A large lump in my throat swelled as I watched a group of subway passengers sing, “Won’t you be my neighbor.” While the action was on-screen and overtly sentimental, it had me longing for the innocence of simpler times and a sense that we are all together in this beautiful life.
Yes, it’s easy to lose hope in our world. People and places can seem anything but beautiful. Glancing at the top news stories of any given day, we clearly live in desperate times. It’s true unless you are Mr. Rogers. Mr. Fred McFeely Rogers spent 30 years entertaining and teaching children to love each other by using his skills as a musician, puppeteer, writer, producer, and Presbyterian minister.
Oh how I long for Mr. Rogers and a generation of healers to make our neighborhoods happy and safe. In 2001, two years before Mr. Rogers passed away, the lights in America dimmed when his television show went off the air. How would we ever replace Mister Rogers’ Neighborhood – a world of kindness, guidance, and gentle understanding?
In today’s world, the question rings louder as we meet Oscar-winner and Hollywood golden-boy, Tom Hanks who deftly plays Mr. Rogers. On screen and off, Hanks embodies Mr. Roger’s persona. From solving the Da Vinci Code to playing countless other heroes and changemakers like Walt Disney, Captain Chelsey Sullenberger (aka Scully) and Apollo 13 astronaut Jim Lovella, Hanks is understandably the perfect choice for director, Marielle Heller’s coveted role.
Hanks’ real-life persona and reputation as a caring and charismatic person embody the person and life Mr. Roger’s led. Heller’s movie is told through the eyes of the film’s journalist character, Lloyd Vogel, played by actor Matthew Rhys. It’s an ingenious plot, and one that traces the true story of Tom Junod’s reluctant interview of Mr. Rogers for a 1998 Esquire magazine cover story entitled, Can You Say Hero?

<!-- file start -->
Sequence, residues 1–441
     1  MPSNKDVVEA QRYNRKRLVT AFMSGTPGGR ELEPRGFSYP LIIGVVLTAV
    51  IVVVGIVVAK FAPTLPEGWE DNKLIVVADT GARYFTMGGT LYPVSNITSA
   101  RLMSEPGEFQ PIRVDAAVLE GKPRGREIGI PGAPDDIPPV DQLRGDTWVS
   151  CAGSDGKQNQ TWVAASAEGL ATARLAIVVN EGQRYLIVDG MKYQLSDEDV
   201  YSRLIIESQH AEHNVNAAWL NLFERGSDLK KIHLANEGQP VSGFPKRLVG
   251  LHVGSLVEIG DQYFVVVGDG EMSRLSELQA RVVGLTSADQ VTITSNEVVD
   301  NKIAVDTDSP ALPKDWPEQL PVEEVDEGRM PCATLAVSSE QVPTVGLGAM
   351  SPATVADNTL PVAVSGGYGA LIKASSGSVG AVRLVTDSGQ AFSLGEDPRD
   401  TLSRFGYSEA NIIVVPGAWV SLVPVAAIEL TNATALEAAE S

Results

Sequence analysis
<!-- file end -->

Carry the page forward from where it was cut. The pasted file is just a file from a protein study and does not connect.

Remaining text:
Vogel’s jaded view of the world and impending fatherhood are examined in light of his reputation for a sharp tongue. His plight tugs at our personal sensibilities and circumstances, as we watch Mr. Rogers help him and children watching his show, who deal with emotional insecurities and a critical world.
When we first meet him in the movie’s opening scene, Vogel is winning an award and telling a crowded room, “Writing is one of the few professions where we get to change a broken world with our words.” The litmus test comes, however, when his estranged father wants to reconnect after deserting Vogel’s dying mother, and his anger and pain resurface.
Armed with penny loafers and a cozy, red sweater, Hanks delivers a performance worthy of Mr. Roger’s daunting shoes. Through Hanks, we face the anxious, troubled world that is no match for his soft eyes and soothing voice. Like Mr. Rogers, who’s unique qualities and faith in the possibility of a better, more trusting world, we rise above the cacophony of fear, hatred and distrust.
For more than 30 years, Mister Rogers made millions of children feel like they were visiting with a trusted friend. In over 900 episodes, his radical kindness, acceptance, and empathy created what TV Guide called a sanctuary for young and old, alike.
Yes, Mr. Rogers prayed for people by name and got angry like we all do. But he looked for positive ways to express that anger. His story reminds us that life is never free from pain but it shapes us in positive ways if we learn to let go. Otherwise, we can never be happy.
Maybe it’s up to each of us to carry a piece of Mr. Rogers with us. This truth suddenly struck me in one of the scenes where the iconic Twin Towers from New York City appear. I lamented how much has changed since those Towers fell. Hatred has ripped through America and the new war on terror is our inability to trust each other.
Thankfully, movies help us to journey through situational circumstances even if it means healing together while sitting in a dark room full of strangers. I can only hope that we learn to embrace and remember the way Mr. Rogers made people feel and that wonderful song on the subway car can help us to rebuild a truly Beautiful Day in the Neighborhood.
Postscript – Fred Rogers had an astonishing range of honors bestowed upon him, from his induction into the Television Academy’s Hall of Fame to the Presidential Medal of Freedom. In all, he received more than forty honorary degrees.